In this era of Congressional contentiousness, any legislation that comes out of those chambers with bipartisan support deserves note. Such is the case with the SECURE Act, an acronym for “Setting Every Community Up for Retirement Enhancement,” which was passed last July by a near-unanimous vote in the House of Representatives. But the SECURE Act also warrants a note of caution for those heavily invested in IRAs and/or 401(k) plans because it truly is a “game-changer,” and not for the better, when it comes to the distribution and taxation of withdrawals from inherited plans.
In December of 2017, the Tax Cuts and Jobs Act outlined a new program called “Opportunity Zones” (OZs) that offered tax breaks for investing in underdeveloped/distressed communities via Qualified Opportunity Funds (QOFs). In October 2018, substantially more detail on the OZs was provided, and in April 2019, the IRS and Treasury Department issued a 169-page document that detailed regulations governing OZs. According to the IRS, a QOF is set up either as a partnership or corporation (LLCs qualify also) for investing in an eligible property located in one of the OZs.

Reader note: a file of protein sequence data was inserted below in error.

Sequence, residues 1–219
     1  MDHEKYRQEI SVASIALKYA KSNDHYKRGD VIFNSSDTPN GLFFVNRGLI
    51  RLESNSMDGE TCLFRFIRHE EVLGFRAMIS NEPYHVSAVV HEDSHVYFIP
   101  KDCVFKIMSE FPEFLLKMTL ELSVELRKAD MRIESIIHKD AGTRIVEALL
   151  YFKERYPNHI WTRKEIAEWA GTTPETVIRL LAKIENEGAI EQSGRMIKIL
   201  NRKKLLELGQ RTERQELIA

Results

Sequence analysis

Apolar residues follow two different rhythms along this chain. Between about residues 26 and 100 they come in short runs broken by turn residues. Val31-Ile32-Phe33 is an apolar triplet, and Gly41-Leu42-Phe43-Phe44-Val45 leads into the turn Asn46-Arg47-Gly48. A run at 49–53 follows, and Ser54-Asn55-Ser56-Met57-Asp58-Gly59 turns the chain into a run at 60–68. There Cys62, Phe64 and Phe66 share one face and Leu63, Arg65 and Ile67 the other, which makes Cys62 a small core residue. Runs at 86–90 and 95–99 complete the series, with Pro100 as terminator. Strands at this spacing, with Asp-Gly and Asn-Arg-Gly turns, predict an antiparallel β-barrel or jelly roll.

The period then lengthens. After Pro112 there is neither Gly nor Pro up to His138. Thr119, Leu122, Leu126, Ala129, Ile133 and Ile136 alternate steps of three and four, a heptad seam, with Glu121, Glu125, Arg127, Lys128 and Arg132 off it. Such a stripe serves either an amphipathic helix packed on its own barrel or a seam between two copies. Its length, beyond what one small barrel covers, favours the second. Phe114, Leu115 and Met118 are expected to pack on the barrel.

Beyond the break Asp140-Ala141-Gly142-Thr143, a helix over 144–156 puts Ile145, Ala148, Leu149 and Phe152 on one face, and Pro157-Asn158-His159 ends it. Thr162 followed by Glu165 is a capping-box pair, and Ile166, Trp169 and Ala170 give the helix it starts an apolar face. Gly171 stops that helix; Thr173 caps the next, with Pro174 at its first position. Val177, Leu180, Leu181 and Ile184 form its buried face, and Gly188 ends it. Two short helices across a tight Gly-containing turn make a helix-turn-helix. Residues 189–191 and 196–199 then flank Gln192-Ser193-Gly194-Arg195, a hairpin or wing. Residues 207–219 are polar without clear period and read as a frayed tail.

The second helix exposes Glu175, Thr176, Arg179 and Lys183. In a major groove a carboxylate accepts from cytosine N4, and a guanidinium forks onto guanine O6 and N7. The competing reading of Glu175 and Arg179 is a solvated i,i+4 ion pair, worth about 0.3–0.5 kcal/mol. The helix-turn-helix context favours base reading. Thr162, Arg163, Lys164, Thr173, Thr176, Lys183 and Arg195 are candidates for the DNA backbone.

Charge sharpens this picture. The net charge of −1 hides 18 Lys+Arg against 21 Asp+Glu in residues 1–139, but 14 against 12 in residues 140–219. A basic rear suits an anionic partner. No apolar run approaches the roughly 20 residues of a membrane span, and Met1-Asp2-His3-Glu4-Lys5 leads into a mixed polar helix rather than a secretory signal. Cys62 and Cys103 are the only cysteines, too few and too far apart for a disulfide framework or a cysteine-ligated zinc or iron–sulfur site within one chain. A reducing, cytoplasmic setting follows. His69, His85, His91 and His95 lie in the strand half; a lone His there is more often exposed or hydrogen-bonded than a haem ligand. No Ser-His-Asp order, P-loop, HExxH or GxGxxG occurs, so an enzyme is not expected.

After nearly 27 years the IRS has finally gotten around to proposing closure to a number of the §2704 “loopholes” that have benefitted many family-owned businesses. Should the changes be enacted, as proposed, the family-controlled corporation, partnership, LLC and other forms of family-owned businesses will be directly affected. Here’s the reason why.
On December 15th of 2015, House Speaker Paul Ryan, R-Wis., announced to the Republican lawmakers during a conference meeting that negotiators have reached an agreement in principle on a tax-extenders package worth approximately $800 billion. In addition, an agreement was also reached that would fund the federal government through September 30th of 2016. The bills are expected to arrive on the House floor as early as December 17th with the Senate consideration expected before Congress adjourns for recess.